Learning to Be Fair: Equity from Classical Philosophy to Contemporary Politics
Stock No: WW495092
Learning to Be Fair: Equity from Classical Philosophy to Contemporary Politics  -     By: Charles McNamara

Learning to Be Fair: Equity from Classical Philosophy to Contemporary Politics

Fortress Press / 2024 / Hardcover

This product will be released on 11/12/24
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Stock No: WW495092

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Stock No: WW495092
Fortress Press / 2024 / Hardcover
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Product Information

Title: Learning to Be Fair: Equity from Classical Philosophy to Contemporary Politics
By: Charles McNamara
Format: Hardcover
Number of Pages: 205
Vendor: Fortress Press
Publication Date: 2024
Dimensions: 8.75 X 5.75 (inches)
Weight: 2 pounds
ISBN: 1506495095
ISBN-13: 9781506495095
Stock No: WW495092

Publisher's Description

The language of "equity" saturates our contemporary culture. Human-resources departments lead workshops on "diversity, equity, and inclusion." Progressive politicians promise "equity" in everything from housing to healthcare, while their conservative counterparts decry "equity" as a modern invention and a rejection of classical, Western culture's moral principles. Learning to Be Fair shows that nothing undermines that objection more than reading the foundational texts of Western moral philosophy.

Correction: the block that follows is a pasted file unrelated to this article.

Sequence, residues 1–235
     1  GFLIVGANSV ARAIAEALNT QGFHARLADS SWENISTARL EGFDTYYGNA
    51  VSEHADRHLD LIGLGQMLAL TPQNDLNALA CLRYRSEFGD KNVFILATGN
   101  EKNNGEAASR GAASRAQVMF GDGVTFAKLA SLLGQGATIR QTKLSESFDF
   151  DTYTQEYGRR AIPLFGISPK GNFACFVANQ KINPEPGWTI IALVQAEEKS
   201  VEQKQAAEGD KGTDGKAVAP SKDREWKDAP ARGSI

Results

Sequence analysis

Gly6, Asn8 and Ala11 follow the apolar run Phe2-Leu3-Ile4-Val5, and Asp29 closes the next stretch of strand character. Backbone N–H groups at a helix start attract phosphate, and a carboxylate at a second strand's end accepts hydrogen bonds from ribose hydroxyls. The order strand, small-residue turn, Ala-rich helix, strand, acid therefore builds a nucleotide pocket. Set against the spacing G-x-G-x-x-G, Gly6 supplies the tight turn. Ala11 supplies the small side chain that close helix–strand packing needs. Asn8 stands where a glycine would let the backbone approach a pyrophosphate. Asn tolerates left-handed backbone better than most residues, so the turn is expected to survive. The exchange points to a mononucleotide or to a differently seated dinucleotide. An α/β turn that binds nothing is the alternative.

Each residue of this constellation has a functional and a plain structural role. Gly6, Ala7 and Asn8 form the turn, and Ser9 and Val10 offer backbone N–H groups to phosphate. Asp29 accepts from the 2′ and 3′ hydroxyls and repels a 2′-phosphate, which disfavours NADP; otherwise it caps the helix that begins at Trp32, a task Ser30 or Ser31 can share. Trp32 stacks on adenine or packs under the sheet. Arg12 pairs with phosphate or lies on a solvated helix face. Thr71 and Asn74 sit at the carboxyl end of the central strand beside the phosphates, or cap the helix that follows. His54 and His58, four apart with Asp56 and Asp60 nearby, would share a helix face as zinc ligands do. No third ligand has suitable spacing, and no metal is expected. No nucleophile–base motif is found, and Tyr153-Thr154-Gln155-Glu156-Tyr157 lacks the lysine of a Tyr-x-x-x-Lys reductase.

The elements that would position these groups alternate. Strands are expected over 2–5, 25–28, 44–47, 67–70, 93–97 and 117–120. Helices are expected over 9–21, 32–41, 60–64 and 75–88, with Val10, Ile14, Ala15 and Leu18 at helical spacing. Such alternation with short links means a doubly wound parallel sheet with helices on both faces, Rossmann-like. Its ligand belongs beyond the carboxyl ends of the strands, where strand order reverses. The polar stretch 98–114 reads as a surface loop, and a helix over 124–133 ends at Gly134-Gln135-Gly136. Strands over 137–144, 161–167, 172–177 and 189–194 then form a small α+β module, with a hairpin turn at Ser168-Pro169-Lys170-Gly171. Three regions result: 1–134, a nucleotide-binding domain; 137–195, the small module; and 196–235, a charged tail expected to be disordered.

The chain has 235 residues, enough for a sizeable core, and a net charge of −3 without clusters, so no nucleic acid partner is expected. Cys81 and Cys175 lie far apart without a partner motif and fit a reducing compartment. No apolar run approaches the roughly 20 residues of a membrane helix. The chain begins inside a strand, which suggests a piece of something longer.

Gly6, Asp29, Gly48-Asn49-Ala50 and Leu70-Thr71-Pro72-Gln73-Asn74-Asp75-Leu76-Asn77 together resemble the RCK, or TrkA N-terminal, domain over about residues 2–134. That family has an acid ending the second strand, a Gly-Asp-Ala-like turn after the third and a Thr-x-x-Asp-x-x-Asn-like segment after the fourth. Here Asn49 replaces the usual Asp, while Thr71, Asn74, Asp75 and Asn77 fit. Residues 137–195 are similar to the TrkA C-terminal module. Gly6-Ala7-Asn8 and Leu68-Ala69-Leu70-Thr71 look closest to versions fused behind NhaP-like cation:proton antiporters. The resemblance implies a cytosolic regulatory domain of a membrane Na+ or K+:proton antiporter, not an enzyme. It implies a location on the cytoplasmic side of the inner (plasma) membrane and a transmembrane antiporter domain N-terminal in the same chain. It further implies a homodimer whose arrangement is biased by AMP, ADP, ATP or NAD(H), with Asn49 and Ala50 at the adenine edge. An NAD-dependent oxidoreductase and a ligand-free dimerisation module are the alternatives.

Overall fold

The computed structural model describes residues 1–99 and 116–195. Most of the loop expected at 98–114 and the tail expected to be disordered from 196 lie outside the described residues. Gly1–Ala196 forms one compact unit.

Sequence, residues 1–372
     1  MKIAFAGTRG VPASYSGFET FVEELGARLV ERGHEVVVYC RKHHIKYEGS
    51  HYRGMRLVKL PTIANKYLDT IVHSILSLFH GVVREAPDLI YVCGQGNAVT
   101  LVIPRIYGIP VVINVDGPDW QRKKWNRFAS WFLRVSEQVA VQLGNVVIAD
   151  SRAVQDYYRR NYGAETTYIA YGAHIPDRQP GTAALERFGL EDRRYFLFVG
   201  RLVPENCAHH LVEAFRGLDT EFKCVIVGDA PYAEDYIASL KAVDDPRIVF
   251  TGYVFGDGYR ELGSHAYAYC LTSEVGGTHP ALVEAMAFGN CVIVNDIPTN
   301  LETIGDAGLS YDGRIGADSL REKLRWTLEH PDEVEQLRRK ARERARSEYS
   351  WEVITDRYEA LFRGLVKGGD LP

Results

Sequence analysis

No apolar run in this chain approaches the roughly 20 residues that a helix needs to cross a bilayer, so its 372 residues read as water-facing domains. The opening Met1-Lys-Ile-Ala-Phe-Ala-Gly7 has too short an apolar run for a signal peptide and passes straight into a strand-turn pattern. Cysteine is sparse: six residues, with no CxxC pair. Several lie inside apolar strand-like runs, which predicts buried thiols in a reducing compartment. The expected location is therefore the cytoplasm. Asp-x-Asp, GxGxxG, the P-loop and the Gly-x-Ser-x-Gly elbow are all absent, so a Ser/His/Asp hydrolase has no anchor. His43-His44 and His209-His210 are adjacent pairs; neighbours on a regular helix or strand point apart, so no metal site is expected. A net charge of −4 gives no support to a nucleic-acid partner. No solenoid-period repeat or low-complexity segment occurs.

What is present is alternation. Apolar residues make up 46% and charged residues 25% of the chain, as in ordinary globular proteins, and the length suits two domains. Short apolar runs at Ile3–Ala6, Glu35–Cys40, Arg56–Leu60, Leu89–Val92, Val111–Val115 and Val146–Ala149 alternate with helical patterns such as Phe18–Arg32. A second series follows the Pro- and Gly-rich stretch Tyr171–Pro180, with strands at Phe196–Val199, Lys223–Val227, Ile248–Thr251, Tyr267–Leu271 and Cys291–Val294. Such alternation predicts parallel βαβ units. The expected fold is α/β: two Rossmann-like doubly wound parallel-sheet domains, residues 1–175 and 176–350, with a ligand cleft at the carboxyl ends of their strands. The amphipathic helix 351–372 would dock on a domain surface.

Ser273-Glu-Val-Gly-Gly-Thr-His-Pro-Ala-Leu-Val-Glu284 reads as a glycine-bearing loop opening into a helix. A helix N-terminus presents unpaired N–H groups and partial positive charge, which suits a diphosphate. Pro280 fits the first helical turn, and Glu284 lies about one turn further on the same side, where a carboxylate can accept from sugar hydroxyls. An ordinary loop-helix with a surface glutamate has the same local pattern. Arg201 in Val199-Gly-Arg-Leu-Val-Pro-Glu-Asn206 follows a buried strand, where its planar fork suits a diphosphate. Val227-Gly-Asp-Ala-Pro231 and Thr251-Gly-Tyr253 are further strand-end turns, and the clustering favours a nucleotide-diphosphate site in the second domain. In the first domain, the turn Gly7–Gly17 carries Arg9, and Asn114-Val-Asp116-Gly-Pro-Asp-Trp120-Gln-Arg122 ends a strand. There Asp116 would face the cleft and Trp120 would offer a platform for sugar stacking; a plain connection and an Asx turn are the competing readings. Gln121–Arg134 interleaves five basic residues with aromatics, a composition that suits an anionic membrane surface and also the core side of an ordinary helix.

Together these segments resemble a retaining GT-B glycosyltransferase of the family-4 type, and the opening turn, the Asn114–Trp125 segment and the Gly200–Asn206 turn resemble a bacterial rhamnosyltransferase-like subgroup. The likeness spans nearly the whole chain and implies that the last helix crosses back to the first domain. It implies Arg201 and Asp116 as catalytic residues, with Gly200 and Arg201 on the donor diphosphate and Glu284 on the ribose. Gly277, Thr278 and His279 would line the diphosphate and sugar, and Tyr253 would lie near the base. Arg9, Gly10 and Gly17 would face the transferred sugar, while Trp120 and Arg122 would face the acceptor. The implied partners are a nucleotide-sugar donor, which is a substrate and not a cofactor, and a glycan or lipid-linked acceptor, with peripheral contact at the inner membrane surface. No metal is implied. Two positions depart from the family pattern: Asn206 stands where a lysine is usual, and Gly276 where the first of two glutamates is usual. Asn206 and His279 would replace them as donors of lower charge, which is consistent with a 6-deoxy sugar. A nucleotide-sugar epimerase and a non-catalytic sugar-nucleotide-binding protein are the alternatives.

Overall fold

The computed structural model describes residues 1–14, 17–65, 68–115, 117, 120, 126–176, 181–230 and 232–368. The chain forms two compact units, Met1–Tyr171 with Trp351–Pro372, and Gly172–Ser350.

Despite its newfound popularity (or infamy), the concept of equity is in fact one of the oldest, most durable principles of Western ethics. In Learning to Be Fair, Charles McNamara excavates the ancient origins of equity in classical Greek and Roman thought and traces their influence on lawyers, philosophers, America's Founding Fathers, and our contemporary culture. He shows how this history connects current debates about the role of equity to long-standing ethical questions about civil disobedience and the possibility of teaching people to be good.

Author Bio

Charles McNamara is the director of Greek and Latin Studies and a lecturer at the University of Minnesota. He has been a National Endowment for the Humanities fellow at the Bayerische Akademie der Wissenschaften in Munich, Germany. Alongside his several academic publications, he has written for Commonweal, Lapham's Quarterly, and the Washington Post. He lives in downtown Minneapolis.

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